Canadians Enjoying Their New Carbon Tax About As Much As You’d Expect

When governments play social justice/climate justice games with citizen’s lives, things tend not to go well

Gas prices are rising: Here’s how it will make living in Canada more expensive

Canadians living in Alberta and Ontario saw gas prices spike in the New Year due to carbon pricing.

But don’t expect the price hikes to stop there.

“I think 2017 is probably going to be more expensive than the past two to three years, and not just for gasoline but also for diesel,” gasoline analyst Dan McTeague told Global News Tuesday. (snip)

An increase in fuel costs will also take a bite out of the budgets of non-drivers. Here’s a look at the various ways higher fuel prices will impact Canadians.

As you can expect, prices for just about everything will rise. And as prices rise, consumer spending will decrease. It’ll reduce people taking vacations. It will create a lot of problems for people out in the rural areas.

(Lethbridge Herald) Alberta’s carbon tax is now a reality, with the levy being implemented as of Jan. 1. The effects of the tax showed up immediately with prices at the pumps taking a sizable jump. The amount of the carbon levy added to gasoline was 4.5 cents per litre, but locally that hike followed a six-cent increase at some gas stations just before the new year, meaning the price at some pumps in Lethbridge is 10.5 cents per litre higher than it was last week, suggesting there are other factors involved than just the carbon tax.

It remains to be seen how that will affect the cost of other goods and services as the trickle-down effect takes place. The predictions in that regard are wide-ranging. The Canadian Taxpayers Federation estimated a carbon tax would mean an annual hit of $2,500 to the average household’s wallet. Saskatchewan Premier Brad Wall has said the additional costs would be $1,250 per year. A Maclean’s magazine article in October noted Alberta government estimates were suggesting indirect costs of $100 to $200 per year for the average household. The Trudeau government, which had been pressuring provinces to put a price on greenhouse gas emissions or the feds would do it for them, hasn’t offered much in the way of projected costs to Canadian households.

When it comes to things like this, you can always expect the government assessment to be way to low when reality hits.

(Daily Herald Tribune) The government has said it’s using the carbon tax as a way of changing Albertans’ behaviour “by encouraging individuals and businesses to become more energy efficient.” Premier Rachel Notley drew fire last month after suggesting that some people might decide to walk or take a bus if gas becomes too expensive.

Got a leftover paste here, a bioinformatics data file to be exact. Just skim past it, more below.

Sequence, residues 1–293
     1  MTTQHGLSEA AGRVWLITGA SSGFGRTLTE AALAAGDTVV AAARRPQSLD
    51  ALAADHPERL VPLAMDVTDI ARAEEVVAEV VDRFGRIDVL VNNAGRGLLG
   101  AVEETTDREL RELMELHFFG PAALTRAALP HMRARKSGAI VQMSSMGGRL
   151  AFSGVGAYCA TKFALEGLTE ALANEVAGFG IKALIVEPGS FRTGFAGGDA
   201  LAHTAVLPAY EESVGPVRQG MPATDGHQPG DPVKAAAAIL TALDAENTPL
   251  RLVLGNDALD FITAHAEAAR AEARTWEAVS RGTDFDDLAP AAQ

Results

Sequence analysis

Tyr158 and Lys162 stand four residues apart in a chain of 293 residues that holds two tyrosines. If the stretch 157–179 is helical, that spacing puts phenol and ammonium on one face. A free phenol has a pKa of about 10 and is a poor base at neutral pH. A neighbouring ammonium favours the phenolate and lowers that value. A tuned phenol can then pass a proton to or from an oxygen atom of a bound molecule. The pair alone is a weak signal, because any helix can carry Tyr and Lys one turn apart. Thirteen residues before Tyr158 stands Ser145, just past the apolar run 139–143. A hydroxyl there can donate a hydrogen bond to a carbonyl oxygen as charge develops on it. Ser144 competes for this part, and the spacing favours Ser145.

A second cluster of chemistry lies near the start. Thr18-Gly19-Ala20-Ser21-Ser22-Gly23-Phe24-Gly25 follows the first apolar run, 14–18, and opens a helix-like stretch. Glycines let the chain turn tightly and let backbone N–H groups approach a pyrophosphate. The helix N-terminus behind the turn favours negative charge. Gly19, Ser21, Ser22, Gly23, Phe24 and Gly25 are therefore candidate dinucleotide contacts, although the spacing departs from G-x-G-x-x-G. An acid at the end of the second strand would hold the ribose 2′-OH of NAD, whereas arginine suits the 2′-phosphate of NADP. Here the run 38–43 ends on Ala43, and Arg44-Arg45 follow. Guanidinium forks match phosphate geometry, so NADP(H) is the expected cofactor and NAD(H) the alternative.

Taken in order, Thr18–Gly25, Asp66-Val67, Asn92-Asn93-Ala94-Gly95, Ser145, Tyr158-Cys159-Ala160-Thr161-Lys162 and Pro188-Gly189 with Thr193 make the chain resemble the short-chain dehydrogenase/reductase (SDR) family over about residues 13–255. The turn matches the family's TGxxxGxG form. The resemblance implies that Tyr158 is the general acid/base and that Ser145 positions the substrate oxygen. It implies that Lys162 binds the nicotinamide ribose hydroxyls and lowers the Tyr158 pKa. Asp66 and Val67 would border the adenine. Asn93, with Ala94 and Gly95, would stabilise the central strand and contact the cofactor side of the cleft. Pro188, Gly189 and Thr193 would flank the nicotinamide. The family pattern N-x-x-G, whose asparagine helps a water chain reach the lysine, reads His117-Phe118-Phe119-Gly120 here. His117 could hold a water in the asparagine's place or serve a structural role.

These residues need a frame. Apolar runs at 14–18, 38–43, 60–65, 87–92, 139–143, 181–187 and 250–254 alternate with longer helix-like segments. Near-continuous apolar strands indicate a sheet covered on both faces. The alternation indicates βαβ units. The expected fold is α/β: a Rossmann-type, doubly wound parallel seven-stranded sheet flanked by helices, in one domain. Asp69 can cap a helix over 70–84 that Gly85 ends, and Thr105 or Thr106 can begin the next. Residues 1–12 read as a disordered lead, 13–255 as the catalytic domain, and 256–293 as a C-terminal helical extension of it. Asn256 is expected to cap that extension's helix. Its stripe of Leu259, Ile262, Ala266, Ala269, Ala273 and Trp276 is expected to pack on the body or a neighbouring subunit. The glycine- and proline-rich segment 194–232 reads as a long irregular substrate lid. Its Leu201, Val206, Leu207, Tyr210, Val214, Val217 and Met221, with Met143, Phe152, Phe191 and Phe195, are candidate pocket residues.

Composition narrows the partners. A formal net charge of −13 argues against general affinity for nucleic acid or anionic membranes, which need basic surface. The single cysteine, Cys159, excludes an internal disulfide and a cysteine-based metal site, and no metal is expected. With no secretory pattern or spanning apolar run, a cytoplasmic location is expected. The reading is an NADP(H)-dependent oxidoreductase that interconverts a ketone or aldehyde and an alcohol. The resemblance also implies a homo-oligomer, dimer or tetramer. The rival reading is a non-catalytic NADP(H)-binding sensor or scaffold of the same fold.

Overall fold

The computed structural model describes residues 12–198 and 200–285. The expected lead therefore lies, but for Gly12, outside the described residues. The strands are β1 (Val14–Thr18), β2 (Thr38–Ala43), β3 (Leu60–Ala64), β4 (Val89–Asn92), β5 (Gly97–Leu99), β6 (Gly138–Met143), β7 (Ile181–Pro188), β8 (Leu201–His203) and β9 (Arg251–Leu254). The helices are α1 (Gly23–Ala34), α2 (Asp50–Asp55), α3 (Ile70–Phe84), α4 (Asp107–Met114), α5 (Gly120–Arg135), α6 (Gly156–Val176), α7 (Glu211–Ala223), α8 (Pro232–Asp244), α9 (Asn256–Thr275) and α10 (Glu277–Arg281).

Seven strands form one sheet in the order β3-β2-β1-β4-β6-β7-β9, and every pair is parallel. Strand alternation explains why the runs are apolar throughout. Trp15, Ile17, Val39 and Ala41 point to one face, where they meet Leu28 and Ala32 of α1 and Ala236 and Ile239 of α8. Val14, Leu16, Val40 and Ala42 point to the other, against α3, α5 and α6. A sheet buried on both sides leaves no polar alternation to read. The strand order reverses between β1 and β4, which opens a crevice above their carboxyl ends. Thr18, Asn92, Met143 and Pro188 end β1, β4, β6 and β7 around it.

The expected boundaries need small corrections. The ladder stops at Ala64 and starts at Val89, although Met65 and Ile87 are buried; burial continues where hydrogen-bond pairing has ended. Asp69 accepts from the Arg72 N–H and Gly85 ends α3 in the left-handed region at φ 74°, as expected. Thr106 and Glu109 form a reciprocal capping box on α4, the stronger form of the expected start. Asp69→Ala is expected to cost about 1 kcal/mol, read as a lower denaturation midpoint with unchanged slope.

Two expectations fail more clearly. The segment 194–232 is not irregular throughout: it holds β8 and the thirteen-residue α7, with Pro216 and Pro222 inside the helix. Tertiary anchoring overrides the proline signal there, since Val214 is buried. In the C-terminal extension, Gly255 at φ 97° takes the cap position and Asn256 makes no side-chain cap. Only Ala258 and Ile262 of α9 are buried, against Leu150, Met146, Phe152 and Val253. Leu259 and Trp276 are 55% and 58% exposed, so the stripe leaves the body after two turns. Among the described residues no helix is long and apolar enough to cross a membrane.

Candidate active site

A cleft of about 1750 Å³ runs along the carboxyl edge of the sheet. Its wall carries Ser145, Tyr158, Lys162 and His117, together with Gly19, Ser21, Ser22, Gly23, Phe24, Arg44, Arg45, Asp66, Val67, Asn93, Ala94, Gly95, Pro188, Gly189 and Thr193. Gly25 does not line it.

This rubbed Terry Vigen the wrong way.

“If you’re in the country and you gotta go to work and it’s 30 below? She’s out to lunch.”

Government should stop messing with people’s lives for their social experiments.

Vigen noted Australia’s failed experiment with its own unpopular carbon tax, which it eventually repealed. The same thing might happen here, he suggested.

He makes a good point. The parties that passed the carbon taxes in Australia were blown out in the following elections. In Queensland 2012, Labor lost so many seats they weren’t even a recognized political party. But, hey, Leftists, keep pushing for these types of policies for Everyone Else. You don’t even want to pay them yourselves.

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3 Responses to “Canadians Enjoying Their New Carbon Tax About As Much As You’d Expect”

  1. Phil says:

    >The parties that passed the carbon taxes in Australia were blown out in the following elections.

    I hope you are right about this comment. I have feared this for quite some time. The unintended consequences of this tax are the biggest issue. Already, conservatives, which are the biggest contributors to charity are now rallying to cut back on their charitable giving to pay for this. Small and large businesses will pass on the tax to those who are on salaries by increasing their prices.
    The money which will be used to fund “government projects” will be wasted on half-baked poorly implemented ideas. There will be many “scam” green companies formed to get the newly available funding.
    The expected 2 billion dollars raised for this will go to con men and government cronies. The tax money would be better used to build hospitals, schools, and highways instead of this.
    This tax will also not reduce CO2. People did not drink less when they implemented an alcohol tax. They just paid more.
    My only consolation is that the ones who will suffer greatest by this are the loons who supported this amendment.
    Those who are money savvy will find a way to avoid paying it.
    Our economy is going to suffer until the next election. Unfortunately, the Ontario Conservative party is currently too inept to do anything about it.

  2. Rev.Hoagie® says:

    Phil, this blog is a guy from Australia who is a climate change guy. Check him out.

  3. Phil says:

    Dear Rev. Hoagie:
    Thank you for sending me this link. It is quite interesting. I read several posts. I am not sure if one was addressing the carbon tax issue or not, Regardless, “Some brief observations about Leftism” on the left hand side was very inciteful. Thank you for posting…

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